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Argentina loans tripled on holdout resolution

epa05325716 President of Argentina, Mauricio Macri, speaks during a press conference at Casa Rosada in Buenos Aires, Argentina, 23 May 2016. Macri presented Foreign relations Minister Susana Malcorra, as a candidate for Secretary General of the United Nations (UN).  EPA/David Fernández



The World Bank’s International Finance Corporation is more than tripling its investment in Argentina this year after President Mauricio Macri’s government began carrying out economic reforms and resolved a 15-year legal battle with holdout creditors.
The IFC will lend about $1.8 billion to Argentina’s private sector this calendar year compared with $500 million in 2015, Liz Bronder, director for Latin America and the Caribbean, said by phone from Buenos Aires. That total includes a $378 million loan to oil producer Axion Energy Argentina SA to expand its plant in Buenos Aires province, Bronder said.
“Many years ago Argentina was the largest single country that we had exposure to and then in the last five years we’ve almost done no financing in Argentina given the conflict of several member countries of IFC around the holdout issue,” Bronder said. “When the government announced their programs that helped stabilize the macroeconomic situation and the move toward negotiations with the holdouts we were able to finance freely what demand we could see in the country.”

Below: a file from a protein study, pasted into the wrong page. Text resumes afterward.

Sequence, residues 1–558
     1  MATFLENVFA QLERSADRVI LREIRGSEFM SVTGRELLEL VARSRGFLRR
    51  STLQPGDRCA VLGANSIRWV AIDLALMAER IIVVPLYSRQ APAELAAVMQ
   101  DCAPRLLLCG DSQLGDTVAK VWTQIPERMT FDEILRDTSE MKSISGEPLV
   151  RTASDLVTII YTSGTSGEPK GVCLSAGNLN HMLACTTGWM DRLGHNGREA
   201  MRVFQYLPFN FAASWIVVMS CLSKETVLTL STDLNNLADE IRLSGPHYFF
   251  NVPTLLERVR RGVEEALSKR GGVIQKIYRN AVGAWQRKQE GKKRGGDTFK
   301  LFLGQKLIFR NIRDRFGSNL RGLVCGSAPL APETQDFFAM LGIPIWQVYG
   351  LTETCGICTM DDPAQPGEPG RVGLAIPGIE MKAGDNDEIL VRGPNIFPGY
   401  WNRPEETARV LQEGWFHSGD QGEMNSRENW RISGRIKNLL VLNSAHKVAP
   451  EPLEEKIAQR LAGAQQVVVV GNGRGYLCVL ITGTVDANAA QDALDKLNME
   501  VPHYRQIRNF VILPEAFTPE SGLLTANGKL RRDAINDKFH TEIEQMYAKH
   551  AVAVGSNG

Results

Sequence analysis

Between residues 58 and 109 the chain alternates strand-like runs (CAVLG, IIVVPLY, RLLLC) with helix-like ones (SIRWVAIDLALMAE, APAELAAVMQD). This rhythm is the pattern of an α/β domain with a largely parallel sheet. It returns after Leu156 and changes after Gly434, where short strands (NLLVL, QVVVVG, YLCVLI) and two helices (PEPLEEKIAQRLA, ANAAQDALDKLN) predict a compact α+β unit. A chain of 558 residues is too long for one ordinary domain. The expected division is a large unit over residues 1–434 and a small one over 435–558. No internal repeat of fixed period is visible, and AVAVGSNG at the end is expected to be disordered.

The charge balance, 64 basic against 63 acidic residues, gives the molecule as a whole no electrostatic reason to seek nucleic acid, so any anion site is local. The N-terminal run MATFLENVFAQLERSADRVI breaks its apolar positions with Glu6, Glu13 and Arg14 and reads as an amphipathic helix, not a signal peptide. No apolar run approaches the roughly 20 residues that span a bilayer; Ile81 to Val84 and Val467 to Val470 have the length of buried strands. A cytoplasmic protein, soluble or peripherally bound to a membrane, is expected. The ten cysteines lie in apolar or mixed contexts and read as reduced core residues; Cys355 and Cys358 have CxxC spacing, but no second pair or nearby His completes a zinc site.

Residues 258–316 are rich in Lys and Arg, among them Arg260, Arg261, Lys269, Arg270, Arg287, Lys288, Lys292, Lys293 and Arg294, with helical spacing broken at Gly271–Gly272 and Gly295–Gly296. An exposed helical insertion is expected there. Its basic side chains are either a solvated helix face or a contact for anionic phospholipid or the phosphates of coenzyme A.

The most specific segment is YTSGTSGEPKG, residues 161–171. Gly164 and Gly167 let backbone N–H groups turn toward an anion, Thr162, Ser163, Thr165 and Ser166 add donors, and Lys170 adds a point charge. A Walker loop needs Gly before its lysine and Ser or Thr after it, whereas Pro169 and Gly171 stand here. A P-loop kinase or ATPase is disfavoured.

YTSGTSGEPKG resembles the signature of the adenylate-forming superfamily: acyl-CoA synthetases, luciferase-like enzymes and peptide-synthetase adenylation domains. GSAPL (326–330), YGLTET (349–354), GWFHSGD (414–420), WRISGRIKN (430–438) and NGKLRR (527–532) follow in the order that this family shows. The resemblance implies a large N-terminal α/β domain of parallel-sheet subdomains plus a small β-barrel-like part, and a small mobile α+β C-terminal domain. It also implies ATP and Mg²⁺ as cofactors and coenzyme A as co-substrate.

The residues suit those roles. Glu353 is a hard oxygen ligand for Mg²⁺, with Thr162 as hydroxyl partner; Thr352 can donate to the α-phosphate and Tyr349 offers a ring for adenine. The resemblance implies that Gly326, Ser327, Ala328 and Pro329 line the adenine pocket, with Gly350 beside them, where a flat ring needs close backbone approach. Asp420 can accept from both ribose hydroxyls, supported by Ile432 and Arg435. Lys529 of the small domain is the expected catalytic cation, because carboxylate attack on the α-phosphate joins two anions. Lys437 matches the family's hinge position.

Right Track
Macri assumed office in December and swiftly moved to unravel currency controls and trade restrictions implemented by the previous government while restarting talks with creditors who sued Argentina for full payment following its $95 billion default in 2001. The country’s borrowing costs have tumbled as Macri resolves disputes and opens up the economy.
It’s possible that the IFC will increase its exposure to Argentina next year, Bronder said. The IFC is particularly interested in the agricultural business and in renewable energy. The government received about six times its original tender for thermal generators, the Energy Ministry said.
While Macri faces a challenging macroeconomic environment of high inflation and a contracting economy after cutting energy and transport subsidies, Bronder said Argentina is moving in the right direction.
“Inflation is a worry and we obviously keep an eye on the macroeconomic situation whenever we make loans, but the government seems to be on the right track,” Bronder said. “Their ability to control inflation is going to open up more domestic sources of financing.”

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